The next step in building your program is partnering up. Do you want to give away comic books? Who can you partner with to make that happen? The Free Comic Book Day website has a search tool which can help you find comic shops in your area; this tool also tells you which shops participate in donating to schools and libraries. By reaching out to these shops, you can often times snag some awesome comics for giveawaysDo keep in mind that these shops do pay to participate in FCBD, so the comics they give you will probably not be the current years’ ones. And that’s ok. Each year’s selections are different, and there are always fabulous choices.Ok, so you’ve got the comics, who else could you partner with? Here are a few more ideas:

    • Local Cosplayers—so you can have costumed heroes, to roam around the program and pose for pictures.
    • Comic authors/artists/illustrators—for demonstrations about what goes into the comic art process or how-to draw. Not only will this promote their work, it will also help your patrons get exposure to something interesting.
  1. “A Picture is worth one thousand words.” – Arthur Brisbane
    shield-id Everyone loves photos, and they are a good way to drum up excitement before, during, and after a program. A good option, and also very popular one, is to provide an opportunity for attendees to take photos, or have their photos take—be it around the space, with costumed heroes, or with one another. Photo booth style props are very simple to make and a lot of fun. I made a giant S.H.I.E.L.D ID cut-out prop for people to take pictures with/in. Which I changed to be more Library specific. It’s not perfect, but it is fun.

shield emblem

  1. “Riddle Me This” –The Riddler
     A superhero day isn’t complete without some kind of giveaway prize and super trivia!I am sometimes crafty, I had some jelly jars and pickle jars lying around that I removed the glue from and etched with superhero symbols. etchingAre you good at painting? Paint a box. I modge podged a wooden box comic book style. Simple projects make great giveaways, and it upcycles those otherwise useless jars!As for superhero trivia, supervillain trivia, movie trivia, there is a plethora of material available online and in hardcopy. This is a simple, fun way to keep people engaged, or at least kill time while they are waiting to take a picture with their favorite hero. Even if you aren’t an expert, you ARE a librarian! Searching for information is your bread and butter. Look up trivia and confirm it in several sources before you put it to paper. And don’t forget your own answer key!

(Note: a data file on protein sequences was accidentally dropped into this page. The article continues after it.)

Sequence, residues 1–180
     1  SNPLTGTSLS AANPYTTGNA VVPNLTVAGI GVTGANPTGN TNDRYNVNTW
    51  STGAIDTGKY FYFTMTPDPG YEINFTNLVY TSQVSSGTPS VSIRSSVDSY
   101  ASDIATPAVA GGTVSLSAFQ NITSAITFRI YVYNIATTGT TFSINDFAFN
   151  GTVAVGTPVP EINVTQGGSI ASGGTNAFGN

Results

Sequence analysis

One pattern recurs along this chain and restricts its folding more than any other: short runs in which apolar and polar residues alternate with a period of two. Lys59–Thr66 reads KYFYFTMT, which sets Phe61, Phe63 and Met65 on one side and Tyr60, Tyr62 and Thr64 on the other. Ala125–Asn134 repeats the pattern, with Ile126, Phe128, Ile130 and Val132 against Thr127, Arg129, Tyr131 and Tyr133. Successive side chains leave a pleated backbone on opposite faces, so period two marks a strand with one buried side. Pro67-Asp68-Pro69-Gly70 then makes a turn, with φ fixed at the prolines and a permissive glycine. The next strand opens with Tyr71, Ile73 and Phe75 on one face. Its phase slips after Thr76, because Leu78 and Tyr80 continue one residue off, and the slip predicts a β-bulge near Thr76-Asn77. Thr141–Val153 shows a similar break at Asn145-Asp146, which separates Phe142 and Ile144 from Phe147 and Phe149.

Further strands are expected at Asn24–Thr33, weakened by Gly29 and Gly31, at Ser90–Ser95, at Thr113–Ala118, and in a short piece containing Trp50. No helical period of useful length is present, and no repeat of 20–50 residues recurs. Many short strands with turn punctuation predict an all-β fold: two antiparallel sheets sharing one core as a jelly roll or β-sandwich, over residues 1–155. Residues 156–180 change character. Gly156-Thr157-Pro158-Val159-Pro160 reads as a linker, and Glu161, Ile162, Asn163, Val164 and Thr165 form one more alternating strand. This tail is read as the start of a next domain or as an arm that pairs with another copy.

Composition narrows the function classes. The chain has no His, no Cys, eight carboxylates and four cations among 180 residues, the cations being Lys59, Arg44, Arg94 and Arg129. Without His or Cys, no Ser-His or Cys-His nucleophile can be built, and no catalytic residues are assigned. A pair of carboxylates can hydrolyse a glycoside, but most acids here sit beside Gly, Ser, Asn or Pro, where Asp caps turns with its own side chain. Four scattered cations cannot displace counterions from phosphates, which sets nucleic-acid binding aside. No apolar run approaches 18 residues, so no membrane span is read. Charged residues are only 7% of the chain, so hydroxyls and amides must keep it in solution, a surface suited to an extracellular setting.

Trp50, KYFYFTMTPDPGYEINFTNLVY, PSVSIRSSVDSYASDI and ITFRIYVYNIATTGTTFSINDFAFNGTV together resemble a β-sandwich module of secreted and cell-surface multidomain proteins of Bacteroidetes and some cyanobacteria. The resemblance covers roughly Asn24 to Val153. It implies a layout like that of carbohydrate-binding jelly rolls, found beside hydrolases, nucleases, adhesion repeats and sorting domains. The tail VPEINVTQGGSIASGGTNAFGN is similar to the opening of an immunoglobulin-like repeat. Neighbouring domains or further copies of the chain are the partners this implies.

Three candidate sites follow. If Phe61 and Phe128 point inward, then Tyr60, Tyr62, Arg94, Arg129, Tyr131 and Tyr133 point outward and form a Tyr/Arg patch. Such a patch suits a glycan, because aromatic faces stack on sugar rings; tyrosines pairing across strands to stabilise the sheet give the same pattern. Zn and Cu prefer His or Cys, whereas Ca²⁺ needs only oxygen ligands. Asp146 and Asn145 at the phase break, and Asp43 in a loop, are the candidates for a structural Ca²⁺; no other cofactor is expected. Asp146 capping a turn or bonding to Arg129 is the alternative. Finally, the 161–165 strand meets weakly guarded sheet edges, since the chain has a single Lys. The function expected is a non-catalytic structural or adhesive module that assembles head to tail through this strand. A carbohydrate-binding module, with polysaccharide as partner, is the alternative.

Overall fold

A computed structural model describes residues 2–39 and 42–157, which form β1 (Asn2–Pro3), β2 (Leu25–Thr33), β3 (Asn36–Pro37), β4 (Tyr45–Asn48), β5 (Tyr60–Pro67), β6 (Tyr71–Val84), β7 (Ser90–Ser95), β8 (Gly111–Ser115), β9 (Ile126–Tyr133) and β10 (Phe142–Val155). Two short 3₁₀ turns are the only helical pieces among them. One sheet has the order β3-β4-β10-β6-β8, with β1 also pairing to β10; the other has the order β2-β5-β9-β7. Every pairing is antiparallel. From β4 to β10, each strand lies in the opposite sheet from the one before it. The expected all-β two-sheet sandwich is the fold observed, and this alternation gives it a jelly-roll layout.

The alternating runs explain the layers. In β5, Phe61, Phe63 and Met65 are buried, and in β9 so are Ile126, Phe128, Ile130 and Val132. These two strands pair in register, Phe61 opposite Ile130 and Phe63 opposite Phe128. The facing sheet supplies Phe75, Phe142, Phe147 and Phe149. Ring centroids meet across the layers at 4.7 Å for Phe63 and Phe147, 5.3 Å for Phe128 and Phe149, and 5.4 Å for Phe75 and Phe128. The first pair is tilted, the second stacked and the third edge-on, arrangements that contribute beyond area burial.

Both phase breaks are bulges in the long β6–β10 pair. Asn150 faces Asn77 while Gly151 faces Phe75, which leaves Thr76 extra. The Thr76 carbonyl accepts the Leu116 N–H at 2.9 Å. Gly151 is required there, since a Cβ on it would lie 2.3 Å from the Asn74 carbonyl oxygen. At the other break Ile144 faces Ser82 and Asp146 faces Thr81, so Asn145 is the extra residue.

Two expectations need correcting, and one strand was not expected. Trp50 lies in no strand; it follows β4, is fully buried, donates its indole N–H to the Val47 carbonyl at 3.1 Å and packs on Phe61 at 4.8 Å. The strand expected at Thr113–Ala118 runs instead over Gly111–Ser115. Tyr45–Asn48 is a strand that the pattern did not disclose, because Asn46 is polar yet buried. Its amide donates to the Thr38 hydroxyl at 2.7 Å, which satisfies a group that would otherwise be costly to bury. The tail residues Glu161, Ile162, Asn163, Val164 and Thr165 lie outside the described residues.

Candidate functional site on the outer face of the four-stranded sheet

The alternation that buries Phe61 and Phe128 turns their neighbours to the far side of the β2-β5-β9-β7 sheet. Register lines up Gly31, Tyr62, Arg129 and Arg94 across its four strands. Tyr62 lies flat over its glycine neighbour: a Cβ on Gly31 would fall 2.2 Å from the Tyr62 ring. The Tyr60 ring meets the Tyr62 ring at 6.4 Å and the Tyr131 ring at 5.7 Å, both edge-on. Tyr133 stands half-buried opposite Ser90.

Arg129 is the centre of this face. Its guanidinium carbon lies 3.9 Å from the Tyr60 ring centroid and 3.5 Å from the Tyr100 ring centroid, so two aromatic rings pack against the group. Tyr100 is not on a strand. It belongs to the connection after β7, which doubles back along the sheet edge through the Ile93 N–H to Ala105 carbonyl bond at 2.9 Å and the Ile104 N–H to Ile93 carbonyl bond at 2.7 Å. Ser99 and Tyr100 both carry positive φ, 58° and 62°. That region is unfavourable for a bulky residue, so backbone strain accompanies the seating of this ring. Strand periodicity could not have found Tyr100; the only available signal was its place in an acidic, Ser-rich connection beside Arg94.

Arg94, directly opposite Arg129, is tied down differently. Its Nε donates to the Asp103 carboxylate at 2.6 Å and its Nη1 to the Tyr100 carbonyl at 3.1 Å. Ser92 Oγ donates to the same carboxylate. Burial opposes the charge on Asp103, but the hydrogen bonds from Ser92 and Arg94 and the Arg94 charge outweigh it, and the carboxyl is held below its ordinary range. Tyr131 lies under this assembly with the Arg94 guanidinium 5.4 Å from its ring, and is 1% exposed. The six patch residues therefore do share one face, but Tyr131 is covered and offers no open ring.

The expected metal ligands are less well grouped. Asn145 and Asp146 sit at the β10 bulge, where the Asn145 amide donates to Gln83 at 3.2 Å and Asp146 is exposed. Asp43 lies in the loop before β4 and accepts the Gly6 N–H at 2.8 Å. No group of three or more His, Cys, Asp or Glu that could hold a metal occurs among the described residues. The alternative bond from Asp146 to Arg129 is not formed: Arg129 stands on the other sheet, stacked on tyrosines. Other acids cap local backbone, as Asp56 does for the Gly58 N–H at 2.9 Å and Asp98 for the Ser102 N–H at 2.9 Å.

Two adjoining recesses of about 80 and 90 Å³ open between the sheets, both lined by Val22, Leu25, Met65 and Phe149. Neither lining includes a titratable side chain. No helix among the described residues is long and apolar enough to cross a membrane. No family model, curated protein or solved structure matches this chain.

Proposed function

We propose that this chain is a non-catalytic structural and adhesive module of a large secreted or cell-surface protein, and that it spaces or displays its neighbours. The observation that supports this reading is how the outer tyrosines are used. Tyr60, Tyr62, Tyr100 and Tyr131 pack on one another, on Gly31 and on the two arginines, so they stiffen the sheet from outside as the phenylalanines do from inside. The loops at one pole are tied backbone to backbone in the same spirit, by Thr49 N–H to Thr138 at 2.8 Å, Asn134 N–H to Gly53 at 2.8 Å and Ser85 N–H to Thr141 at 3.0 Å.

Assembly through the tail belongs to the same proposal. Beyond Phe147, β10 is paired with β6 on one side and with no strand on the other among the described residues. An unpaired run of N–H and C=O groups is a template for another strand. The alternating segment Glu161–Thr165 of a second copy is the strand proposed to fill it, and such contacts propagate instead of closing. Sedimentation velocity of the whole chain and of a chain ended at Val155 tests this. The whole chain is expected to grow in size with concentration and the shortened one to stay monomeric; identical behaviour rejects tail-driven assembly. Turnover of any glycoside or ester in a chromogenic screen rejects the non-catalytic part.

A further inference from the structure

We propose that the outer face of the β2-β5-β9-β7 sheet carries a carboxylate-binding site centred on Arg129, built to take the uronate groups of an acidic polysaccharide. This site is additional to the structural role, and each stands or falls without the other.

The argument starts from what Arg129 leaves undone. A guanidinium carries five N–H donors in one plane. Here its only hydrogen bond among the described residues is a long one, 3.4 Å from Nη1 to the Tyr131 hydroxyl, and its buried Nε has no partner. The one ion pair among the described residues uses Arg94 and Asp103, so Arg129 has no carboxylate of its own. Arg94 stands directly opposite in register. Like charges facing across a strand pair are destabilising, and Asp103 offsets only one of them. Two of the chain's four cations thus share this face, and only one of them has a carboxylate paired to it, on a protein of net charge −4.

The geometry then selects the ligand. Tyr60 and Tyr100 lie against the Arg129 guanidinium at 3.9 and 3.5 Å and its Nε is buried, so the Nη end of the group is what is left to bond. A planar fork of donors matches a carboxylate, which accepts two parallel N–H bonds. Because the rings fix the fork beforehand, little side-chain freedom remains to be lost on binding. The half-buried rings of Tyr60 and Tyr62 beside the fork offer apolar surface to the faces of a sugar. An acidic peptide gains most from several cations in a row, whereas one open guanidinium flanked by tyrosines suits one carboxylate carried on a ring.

1. Suit Up: Cosplayers and costumed heroes versus a cut-out background:
     Do you have any cosplayer connections? Have you always wanted to dress up, but never thought you had a reason? Are YOU looking to debut that awesome costume you just made? Your event would be the perfect time to do so!  Another simple way to keep with the theme is a background; something simple is fine like a city scape, like Gotham.bat-symbol
    You can make this, or you can find a table cloth that’s already made. This is also an easy way to have heroes present is you aren’t comfortable dressing up and don’t have cosplay contacts.

spidey

 

  1. Encourage Super Readers:
    While it isn’t a requirement, a program like this is a prime time to have book displays laid out—and I’m not just talking about comic books (which should definitely be displayed!). Also consider titles such as these: 

    powerlessWhat about Powerless by Matthew Cody.

     

    CapThis picture book series of Marvel Origin stories by Rich Thomas Jr. that include characters like Captain America, Spiderman, and Wolverine.

     

     

    Princess
    Princess in Black by Shannon Hale & Dean Hale

     

    JoshuaJoshua Dread by Lee Bacon

    Search your collection and pull your favorites. Try to make sure that there is a wide range of appeal for differing tastes and reading abilities.

     

  1. “My Common Sense is Tingling” – Deadpool
    Remember that this is supposed to be fun. Your program shouldn’t be overly stressful. You should enjoy planning, publicising, and hosting the program just as much as your patrons enjoying attending.


About the Author

Miss Molly traveled all the way to New Zealand in order to get her Master’s degree in Library and Information Science. She enjoys hands-on (and occasionally messy) science programs, very boisterous story times, rousing sing-a-longs, and serene yoga. When Miss Molly doesn’t have her nose in a book, she can be found hiking in the woods, climbing mountains, indulging her wanderlust, pursuing her foodie passions, and making horrible(ly awesome) puns. When she's not saving the world one book suggestion at a time, you can find her cavorting with superheroes in The Hero Army at comicons and up and down the east coast. (She's usually SuperGirl, Polaris, Wasp, or Harley Quinn). If you see her, say hi!